This matter is before the court for initial review of the civil rights complaint filed by the pro se plaintiff, John Maxwell Montin. Also before the court are (a) Filing No. 2, the plaintiff's Application for Leave to Proceed In Forma Pauperis ("IFP"), and (b) Filing No. 3, the plaintiff's Motion to Consolidate this case with Case No. 4:07cv3064.
The plaintiff is confined in the Lincoln Regional Center by order of the District Court of Hayes County, Nebraska, after a judgment rendered against him of "not responsible by reason of insanity" in criminal proceedings. The Prison Litigation Reform Act ("PLRA") does not apply to the plaintiff. See, e.g., Kolocotronis v. Morgan, 247 F.3d 726, 728 (8th Cir. 2001) (inmate of a mental facility confined pursuant to a finding of not guilty by reason of insanity was not a "prisoner" within the meaning of the PLRA). Upon review of the record, the plaintiff qualifies financially to proceed IFP, and Filing No. 2 is granted. The plaintiff is relieved of responsibility for the court's filing fee.
This case cannot be consolidated with Case No. 4:07cv3064, because that case is closed, judgment having been entered on March 7, 2007. Apparently, two days after the entry of judgment in Case No. 4:07cv3064, the plaintiff filed the above-entitled case against the same defendant asserting the same claims. This case must now be dismissed for the same reasons as the court dismissed Case No. 4:07cv3064, and the plaintiff shall not
(A) the allegation of poverty is untrue; or
(B) the action or appeal\u2013
(i) is frivolous or malicious;
In this case, the complaint fails to state a claim on which relief may be granted. 28 U.S.C. \u00a7 1915(e)(2)(B)(ii). The plaintiff brings this action pursuant to 42 U.S.C. \u00a7 1983, alleging civil rights violations by the court-appointed public defender who presently represents the plaintiff in state mental health proceedings. 42 U.S.C. \u00a7 1983 provides a remedy for certain deprivations of a claimant\u2019s civil rights. To state a claim for relief in an action under 42 U.S.C. \u00a7 1983, the plaintiff must establish that he was deprived of a right secured by the Constitution or laws of the United States, and that the alleged deprivation was committed under "color of state law."
"The ultimate issue in determining whether a person is subject to suit under \u00a7 1983 is the same question posed in cases arising under the Fourteenth Amendment: is the alleged infringement of federal rights 'fairly attributable to the State?'" Rendell-Baker v. Kohn, 457 U.S. 830, 838 (1982); Lugar v. Edmondson Oil Co., 457 U.S. 922, 937 (1982).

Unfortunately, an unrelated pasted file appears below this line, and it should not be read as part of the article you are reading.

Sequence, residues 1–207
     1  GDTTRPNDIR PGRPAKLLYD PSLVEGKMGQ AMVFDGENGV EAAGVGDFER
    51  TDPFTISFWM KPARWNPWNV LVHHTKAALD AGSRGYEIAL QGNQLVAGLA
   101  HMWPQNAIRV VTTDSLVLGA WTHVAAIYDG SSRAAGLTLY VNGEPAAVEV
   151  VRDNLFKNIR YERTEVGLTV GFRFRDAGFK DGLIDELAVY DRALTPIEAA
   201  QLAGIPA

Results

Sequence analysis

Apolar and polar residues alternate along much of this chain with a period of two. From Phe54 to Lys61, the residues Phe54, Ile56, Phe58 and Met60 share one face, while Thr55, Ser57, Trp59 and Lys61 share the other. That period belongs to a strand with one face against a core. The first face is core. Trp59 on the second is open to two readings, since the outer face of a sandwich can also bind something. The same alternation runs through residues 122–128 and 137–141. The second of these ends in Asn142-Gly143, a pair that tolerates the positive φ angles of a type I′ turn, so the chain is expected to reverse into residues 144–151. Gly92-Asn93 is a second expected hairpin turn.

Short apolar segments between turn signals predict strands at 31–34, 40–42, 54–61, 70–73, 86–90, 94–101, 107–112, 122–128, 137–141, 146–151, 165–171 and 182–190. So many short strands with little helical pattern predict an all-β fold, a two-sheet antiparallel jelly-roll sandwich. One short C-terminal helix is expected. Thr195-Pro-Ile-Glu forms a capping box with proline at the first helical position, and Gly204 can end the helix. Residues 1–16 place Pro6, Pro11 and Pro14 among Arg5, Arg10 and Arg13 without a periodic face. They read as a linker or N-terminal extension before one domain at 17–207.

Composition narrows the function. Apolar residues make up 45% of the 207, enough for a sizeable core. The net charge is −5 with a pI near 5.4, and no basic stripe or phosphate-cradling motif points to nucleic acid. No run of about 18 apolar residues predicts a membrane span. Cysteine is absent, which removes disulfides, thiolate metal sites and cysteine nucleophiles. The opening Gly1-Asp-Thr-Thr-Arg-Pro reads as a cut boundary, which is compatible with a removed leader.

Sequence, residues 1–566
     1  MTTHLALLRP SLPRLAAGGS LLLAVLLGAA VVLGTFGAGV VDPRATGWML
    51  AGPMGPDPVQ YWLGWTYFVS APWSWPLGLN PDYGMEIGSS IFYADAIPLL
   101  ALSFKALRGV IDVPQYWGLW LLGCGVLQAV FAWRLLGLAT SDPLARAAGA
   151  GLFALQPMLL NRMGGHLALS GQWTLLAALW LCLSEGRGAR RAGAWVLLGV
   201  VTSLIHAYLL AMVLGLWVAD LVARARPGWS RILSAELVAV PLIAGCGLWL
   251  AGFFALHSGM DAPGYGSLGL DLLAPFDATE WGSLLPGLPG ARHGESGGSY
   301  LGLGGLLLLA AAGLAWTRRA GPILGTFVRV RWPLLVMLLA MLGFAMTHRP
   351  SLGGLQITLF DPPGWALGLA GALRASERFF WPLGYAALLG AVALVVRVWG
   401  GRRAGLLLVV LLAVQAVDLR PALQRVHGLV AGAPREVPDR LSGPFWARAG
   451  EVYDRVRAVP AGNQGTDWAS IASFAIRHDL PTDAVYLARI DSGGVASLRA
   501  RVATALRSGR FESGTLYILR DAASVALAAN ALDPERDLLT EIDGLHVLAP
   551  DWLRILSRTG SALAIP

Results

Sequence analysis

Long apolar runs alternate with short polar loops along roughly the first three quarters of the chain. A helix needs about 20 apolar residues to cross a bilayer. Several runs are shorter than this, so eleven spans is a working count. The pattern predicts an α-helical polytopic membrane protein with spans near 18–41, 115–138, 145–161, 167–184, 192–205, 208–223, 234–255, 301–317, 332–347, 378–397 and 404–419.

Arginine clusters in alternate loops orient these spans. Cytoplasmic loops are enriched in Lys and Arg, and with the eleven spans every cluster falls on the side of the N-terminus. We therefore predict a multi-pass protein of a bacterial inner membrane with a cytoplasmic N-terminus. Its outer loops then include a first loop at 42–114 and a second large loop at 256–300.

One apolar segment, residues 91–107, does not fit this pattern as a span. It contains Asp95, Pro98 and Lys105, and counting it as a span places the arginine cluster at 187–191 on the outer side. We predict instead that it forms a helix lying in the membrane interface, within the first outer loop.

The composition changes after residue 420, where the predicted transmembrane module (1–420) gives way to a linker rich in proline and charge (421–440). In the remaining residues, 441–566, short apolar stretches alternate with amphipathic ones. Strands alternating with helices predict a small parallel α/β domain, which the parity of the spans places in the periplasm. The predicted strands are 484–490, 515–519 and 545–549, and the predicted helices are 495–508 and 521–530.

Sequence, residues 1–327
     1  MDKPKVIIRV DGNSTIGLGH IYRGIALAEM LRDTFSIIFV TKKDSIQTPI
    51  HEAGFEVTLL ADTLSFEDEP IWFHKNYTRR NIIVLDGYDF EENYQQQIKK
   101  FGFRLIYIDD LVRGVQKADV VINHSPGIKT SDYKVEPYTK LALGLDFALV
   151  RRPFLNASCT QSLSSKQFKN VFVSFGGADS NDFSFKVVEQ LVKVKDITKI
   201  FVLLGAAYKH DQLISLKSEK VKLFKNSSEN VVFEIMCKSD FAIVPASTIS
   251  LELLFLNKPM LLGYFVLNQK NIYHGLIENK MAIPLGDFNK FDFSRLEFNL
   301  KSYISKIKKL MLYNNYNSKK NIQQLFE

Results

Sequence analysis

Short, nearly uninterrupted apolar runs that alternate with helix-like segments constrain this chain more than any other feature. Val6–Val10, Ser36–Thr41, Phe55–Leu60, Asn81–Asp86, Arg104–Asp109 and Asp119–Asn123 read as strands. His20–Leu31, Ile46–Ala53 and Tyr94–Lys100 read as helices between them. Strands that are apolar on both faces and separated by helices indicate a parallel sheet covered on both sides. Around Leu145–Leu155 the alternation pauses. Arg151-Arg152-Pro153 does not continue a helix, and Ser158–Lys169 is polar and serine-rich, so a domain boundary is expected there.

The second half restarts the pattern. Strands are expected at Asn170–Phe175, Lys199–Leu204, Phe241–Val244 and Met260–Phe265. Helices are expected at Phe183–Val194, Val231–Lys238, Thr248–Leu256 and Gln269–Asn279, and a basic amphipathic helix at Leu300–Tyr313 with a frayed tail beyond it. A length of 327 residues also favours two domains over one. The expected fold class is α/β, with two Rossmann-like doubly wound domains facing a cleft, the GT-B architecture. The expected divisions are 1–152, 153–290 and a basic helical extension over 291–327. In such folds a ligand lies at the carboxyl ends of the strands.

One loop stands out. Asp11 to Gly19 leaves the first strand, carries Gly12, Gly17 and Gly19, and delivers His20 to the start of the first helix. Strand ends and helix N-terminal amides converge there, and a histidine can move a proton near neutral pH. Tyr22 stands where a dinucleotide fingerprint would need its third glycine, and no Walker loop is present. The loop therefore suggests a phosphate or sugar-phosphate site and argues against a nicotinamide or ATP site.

Thus, an allegation that a private individual has deprived the plaintiff of a constitutional right fails to state a cause of action under 42 U.S.C. \u00a7 1983. See, e.g., Pino v. Higgs, 75 F.3d 1461, 1464-67 (10th Cir. 1996): "To bring a claim under \u00a7 1983, a plaintiff must initially establish that a defendant acted 'under color of any statute, ordinance, regulation, custom, or usage, of any State' to deprive the plaintiff of 'any rights, privileges, or immunities secured by the Constitution and laws' of the United States. 42 U.S.C. \u00a7 1983." Therefore, if the actions of the defendant were "not state action, our inquiry ends." Rendell-Baker v. Kohn, 457 U.S. at 838.
Ordinarily a public defender or other attorney appointed or retained to represent a defendant in state criminal proceedings is not considered to be acting "under color of state law" in performing an attorney\u2019s traditional functions as defense counsel. See Polk County v. Dodson, 454 U.S. 312, 321-22 (1981) (holding that a public defender does not act under color of state law, as required for an action under \u00a7 1983, because a public defender "works under canons of professional responsibility that mandate his exercise of independent judgment on behalf of the client" and because there is a legal "assumption that counsel will be free of state control"). Therefore, "a public defender does not act under color of state law when performing a lawyer's traditional functions...." Id. at 325. Even if a public defender performs those functions without due care, the attorney does not act under color of state law. See also Holbird v. Armstrong-Wright, 949 F.2d 1019, 1020 (8th Cir. 1991) ("The conduct of counsel, either retained or appointed, in representing clients, does not constitute action under color of state law for purposes of section 1983 violations."). In this case, the public defender has been appointed to represent the plaintiff in connection with the plaintiff's challenge to his confinement in the Lincoln Regional
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